Airline Wi-Fi Hasn't Caught On With Business Travelers

Only 25% of U.S. business travelers are using Wi-Fi hotspots in airports and on planes, despite the growing availability of the connections, a new Gartner study says.

Only a quarter of U.S. business travelers are using Wi-Fi hotspots in airports and jetliners, despite the growing availability of the high-speed, wireless connections, a research firm said Tuesday.

The percentage is even lower in the United Kingdom, where 17 percent of business travelers take advantage of the technology, Gartner Inc. said.

The low adoption rate is occurring despite the growing number of hotspots over the last several years and the fact that manufacturers have been offering Wi-Fi support in notebooks for the last two years.

Users have been ignoring Wi-Fi in airports and in-flight because of educational, cultural and financial reasons, not because of the technology itself, Gartner said.

“While Wi-Fi has come a long way, our survey shows that many business travelers remain uncertain as to why they should use Wi-Fi, what equipment they need, how they can connect and what they will be charged,” Gartner analyst Delia MacMillan said in a statement. “If Wi-Fi providers really want to attract new customers they must convince both end users and organizations of its benefits.”

For example, airlines, such as Lufthansa and SAS in Europe, and ANA, JAL and Singapore Airlines in Asia, are adding wireless Internet access in their jetliners. Yet, 78 percent of U.S. travelers and 75 percent of U.K. travelers said that they would rather be out of contact while in the air.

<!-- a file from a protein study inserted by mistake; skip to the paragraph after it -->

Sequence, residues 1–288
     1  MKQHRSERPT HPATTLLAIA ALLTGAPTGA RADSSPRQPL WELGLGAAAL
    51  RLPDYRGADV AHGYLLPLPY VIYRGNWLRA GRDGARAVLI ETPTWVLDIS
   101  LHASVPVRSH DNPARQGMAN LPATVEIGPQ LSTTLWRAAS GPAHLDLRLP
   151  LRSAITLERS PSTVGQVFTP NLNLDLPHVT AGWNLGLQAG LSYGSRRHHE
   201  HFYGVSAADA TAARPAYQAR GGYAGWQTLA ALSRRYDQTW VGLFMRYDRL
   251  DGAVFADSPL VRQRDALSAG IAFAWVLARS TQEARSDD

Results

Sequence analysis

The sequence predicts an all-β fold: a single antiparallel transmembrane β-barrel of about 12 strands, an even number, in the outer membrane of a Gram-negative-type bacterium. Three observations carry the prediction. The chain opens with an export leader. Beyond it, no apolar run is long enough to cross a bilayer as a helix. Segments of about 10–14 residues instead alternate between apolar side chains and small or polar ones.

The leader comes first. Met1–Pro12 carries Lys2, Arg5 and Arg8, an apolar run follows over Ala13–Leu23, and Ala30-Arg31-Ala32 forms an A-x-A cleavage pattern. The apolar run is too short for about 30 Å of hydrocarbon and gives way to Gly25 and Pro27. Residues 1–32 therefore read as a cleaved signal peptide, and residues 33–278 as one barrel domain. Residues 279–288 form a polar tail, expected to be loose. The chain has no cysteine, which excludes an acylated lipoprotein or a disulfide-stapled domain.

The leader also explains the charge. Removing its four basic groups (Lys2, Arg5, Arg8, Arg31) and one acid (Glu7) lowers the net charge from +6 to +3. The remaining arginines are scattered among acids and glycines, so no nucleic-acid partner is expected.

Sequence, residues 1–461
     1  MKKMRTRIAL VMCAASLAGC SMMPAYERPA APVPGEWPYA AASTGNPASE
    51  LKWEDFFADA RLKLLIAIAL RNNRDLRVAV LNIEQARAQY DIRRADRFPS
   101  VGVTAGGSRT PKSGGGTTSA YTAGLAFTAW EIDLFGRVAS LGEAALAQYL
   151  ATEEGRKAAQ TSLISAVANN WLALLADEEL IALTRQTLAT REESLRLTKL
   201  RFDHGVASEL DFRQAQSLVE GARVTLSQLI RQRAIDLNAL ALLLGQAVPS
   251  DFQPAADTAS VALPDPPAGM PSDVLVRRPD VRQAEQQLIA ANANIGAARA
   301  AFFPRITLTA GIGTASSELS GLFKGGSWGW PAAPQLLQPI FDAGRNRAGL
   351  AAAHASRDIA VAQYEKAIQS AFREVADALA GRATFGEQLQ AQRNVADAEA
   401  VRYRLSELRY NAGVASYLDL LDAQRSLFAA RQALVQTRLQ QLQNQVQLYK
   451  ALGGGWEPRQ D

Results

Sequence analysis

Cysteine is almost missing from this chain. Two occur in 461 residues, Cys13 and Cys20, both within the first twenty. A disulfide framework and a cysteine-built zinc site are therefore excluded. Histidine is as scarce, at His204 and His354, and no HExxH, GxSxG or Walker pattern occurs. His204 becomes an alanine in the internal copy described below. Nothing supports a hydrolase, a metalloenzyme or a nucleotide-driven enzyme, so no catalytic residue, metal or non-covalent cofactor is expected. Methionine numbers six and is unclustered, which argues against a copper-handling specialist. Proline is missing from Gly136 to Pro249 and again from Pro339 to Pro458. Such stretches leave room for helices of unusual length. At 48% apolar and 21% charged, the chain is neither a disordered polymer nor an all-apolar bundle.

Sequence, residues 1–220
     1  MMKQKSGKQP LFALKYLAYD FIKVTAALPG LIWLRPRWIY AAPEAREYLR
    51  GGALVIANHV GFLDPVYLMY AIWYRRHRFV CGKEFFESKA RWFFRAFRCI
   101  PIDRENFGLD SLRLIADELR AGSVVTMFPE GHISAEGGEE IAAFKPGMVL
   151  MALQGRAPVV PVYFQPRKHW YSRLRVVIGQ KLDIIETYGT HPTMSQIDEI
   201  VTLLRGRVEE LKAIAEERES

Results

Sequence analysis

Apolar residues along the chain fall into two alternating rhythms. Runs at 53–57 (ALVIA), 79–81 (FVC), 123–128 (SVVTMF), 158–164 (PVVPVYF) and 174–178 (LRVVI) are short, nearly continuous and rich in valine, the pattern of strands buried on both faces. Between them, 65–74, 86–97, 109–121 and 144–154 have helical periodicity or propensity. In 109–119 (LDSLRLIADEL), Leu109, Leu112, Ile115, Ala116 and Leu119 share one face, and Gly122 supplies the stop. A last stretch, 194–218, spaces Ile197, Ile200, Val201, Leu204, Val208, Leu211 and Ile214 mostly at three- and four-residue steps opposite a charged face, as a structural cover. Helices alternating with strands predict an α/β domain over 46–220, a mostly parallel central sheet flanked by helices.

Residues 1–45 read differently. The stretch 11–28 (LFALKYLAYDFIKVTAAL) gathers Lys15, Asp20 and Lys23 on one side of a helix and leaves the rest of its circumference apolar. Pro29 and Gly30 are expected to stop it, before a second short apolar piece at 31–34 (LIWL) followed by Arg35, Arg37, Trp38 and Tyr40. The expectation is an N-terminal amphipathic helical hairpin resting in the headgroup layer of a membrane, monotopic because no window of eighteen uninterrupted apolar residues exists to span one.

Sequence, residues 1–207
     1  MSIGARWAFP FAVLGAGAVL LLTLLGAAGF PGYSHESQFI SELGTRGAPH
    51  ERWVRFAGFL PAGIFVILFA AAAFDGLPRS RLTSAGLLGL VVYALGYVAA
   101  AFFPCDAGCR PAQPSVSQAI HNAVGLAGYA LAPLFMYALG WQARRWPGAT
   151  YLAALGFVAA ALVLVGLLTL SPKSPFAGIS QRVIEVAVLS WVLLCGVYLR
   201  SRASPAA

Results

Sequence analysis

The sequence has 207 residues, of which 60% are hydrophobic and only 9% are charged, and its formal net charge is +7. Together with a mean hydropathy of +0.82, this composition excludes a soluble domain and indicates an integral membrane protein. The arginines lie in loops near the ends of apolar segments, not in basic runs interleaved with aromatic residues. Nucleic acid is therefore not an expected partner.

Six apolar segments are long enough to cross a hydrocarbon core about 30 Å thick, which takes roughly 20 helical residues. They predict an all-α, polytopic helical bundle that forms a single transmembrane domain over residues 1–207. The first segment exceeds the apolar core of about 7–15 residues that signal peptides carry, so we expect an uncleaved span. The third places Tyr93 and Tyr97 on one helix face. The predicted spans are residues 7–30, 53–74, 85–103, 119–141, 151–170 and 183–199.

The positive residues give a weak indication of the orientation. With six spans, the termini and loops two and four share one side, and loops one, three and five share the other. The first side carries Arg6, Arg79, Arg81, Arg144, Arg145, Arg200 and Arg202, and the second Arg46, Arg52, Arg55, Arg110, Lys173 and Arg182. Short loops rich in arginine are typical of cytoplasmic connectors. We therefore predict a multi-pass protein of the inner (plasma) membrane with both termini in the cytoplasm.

Higher priorities than in-flight access to the Internet and e-mail were more personal space, bigger baggage allowance and better entertainment.

Among those people who use Wi-Fi in airports or on jetliners, the respondents were happiest with the speed of connection, ease of use and overall value. They were least happy with the price of the services and the limited availability of hot spots in useful locations.

“Many organizations will not reimburse their personnel for Wi-Fi access charges, as these fees are often not covered by their telecom contracts," MacMillan said. "If airlines can commit to lower prices then the provision of Wi-Fi access could prove a key attraction to business travelers.”

Prices overweighed worries about security with only 16 percent of the 2,000 travelers Gartner surveyed expressing concerns about security.

Gartner predicts that 3G networks under construction to provide broadband to cellular phones could put pressure on Wi-Fi providers to cut prices. Contracts for 3G are more cost-effective for travelers who require frequent access to data, while the occasional traveler who doesn't need frequent access is more likely to look for a Wi-Fi connection.

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